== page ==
These musings come from a reader who blogs at southgeek and describes herself as “someone who sees and greatly fears that our personal freedoms and independence are being sold down the river in exchange for imaginary security. And when it comes to security of children, well, all bets are off.”
Agreed. But today she sent me a grumbling, discerning email about the way weather reports keep getting more and more hysterical, and that’s what I’m posting here:
Dear Free-Range Kids: Years ago when I moved to Alabama, I first saw meteorologists on the local TV stations breaking away from regular programming whenever there were tornado warnings in the viewing area. I thought this was great at the time, and we now know that this has been a true lifesaver..
Over the years,however, as our tolerance for discomfort in society has grown, our “threshold level for warnings” has been inversely lowered.As more and more information became available to us at our fingertips, our need to know more and more, in ever greater detail, increased. It used to be enough to listen to the forecast in the morning and plan accordingly. Later on, thanks to cable, one could flip on the Weather Channel, at least when it actually was local weather 24/7, and…take note of any changing conditions..Along with the internet came our ability to check the same radars that the meteorologists had access to…. Not a bad thing at all, but I have been observing some subtle changes..During the weather segments without any threat of severe weather, they will now micro-analyze every speck of green on the radar. “This little shower here will approach the blah blah area and you can expect it to rain shortly.”.The weather has become one more thing with which to generate hysteria, and the media milks it for every click it can..The weather app on my phone used to send out alerts only if there were tornado warnings in my area. Then I started getting alerts for severe thunderstorms approaching, which quickly devolved into merely being alerted for any thunderstorm, which then became any “rain event.”.I just this moment received an alert that reads: “Precipitation has been detected within your Radius of 5 miles.” Does this really require an urgent alert?.It’s actually pouring down pretty hard right now and I, to paraphrase Bob Dylan, “don’t need a weather app to know which way the wind blows.”.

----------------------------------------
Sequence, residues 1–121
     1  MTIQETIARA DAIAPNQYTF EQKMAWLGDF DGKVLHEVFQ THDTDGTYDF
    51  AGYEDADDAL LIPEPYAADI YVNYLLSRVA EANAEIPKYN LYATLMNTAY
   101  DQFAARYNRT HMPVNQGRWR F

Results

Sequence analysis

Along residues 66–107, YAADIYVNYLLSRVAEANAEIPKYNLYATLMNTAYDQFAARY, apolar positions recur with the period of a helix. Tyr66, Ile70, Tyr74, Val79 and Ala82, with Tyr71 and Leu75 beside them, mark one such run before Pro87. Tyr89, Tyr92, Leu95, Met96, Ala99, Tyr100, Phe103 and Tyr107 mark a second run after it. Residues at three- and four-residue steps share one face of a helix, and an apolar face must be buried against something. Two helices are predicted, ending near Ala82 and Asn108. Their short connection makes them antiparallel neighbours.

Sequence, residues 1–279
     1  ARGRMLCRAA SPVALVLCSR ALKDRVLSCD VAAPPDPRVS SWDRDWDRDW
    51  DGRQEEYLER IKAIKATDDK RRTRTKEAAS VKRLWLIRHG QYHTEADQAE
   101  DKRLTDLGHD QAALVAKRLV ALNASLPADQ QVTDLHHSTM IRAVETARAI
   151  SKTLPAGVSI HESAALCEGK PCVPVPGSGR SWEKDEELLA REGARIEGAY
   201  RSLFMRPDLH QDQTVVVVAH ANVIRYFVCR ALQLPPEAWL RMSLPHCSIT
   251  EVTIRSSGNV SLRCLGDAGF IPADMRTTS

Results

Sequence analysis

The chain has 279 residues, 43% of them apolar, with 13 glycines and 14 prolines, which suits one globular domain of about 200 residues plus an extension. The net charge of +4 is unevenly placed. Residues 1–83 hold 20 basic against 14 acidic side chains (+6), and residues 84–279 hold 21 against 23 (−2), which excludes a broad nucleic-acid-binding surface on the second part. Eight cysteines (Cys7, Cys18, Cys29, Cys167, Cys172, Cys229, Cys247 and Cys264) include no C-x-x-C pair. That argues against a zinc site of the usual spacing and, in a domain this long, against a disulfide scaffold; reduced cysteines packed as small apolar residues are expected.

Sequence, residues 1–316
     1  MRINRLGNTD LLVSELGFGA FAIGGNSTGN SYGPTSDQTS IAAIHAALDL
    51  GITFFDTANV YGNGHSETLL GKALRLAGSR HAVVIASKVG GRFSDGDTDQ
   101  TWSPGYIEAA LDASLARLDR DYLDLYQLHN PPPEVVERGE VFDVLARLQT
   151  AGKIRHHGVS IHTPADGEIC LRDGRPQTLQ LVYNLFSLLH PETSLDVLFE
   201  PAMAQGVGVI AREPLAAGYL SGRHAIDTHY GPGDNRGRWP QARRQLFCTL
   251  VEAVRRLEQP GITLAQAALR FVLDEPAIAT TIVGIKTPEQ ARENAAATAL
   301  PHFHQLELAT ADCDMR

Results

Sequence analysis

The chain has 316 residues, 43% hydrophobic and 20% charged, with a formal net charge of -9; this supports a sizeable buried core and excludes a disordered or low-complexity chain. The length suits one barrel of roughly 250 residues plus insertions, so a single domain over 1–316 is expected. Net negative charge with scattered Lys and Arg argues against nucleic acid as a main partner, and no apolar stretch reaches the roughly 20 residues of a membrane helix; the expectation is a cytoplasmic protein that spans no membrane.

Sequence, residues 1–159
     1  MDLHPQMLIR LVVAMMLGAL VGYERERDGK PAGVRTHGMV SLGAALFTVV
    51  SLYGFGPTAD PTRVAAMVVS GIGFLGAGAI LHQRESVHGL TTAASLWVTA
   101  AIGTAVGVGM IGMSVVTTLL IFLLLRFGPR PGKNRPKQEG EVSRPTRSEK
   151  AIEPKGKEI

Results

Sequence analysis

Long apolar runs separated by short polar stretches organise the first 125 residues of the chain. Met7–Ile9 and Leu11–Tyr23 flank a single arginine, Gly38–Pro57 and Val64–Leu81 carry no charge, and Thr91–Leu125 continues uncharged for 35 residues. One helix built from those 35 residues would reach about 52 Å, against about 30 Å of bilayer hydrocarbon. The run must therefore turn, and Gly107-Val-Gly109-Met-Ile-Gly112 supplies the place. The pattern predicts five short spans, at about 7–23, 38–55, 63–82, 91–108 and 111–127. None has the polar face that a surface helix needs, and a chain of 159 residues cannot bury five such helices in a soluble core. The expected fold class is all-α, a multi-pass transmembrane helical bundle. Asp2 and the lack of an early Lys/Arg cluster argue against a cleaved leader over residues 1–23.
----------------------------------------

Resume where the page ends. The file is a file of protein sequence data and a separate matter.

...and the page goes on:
Less and less of a “problem” is more and more of an issue. I bet you can name immediate Free-Range parallels.
Indeed, the Free-Range parallels are many. In the “olden days” we’d worry if our child wasn’t home by a certain time — usually dark. Now we worry anytime a child is outside. In ye olden days, we’d let our kids wait in the car while we ran an errand. Now the worry is that even a five minute car-wait could prove fatal.
Smaller and smaller blips loom larger and larger on other fronts, too: The worry that 1 millimeter of something or other in the blood is the same as an arsenic transfusion. The belief that eating a less than perfect meal ushers in a lifetime of illness. The inability to discern the difference between something that is 99% safe, like a drop-side crib, and a crib made of asbestos with a lead lollipop on a long string attached to the crib poles, which are spaced just wide enough to poke a head through.
I’m not sure if the problem is that in times this safe we have to focus on something scary, so we boost the fear factor of everyday life. Or if it’s that we have been SO warned about SO MANY non-dangerous things (like “rain incidents”), we have lost the ability to make any kind of rational risk analysis.
Either way, if you have some great ideas about how to recalibrate our doom radar, shout it from the rooftops!
On second thought, please shout it from the living room, while sitting down. You know why. – L.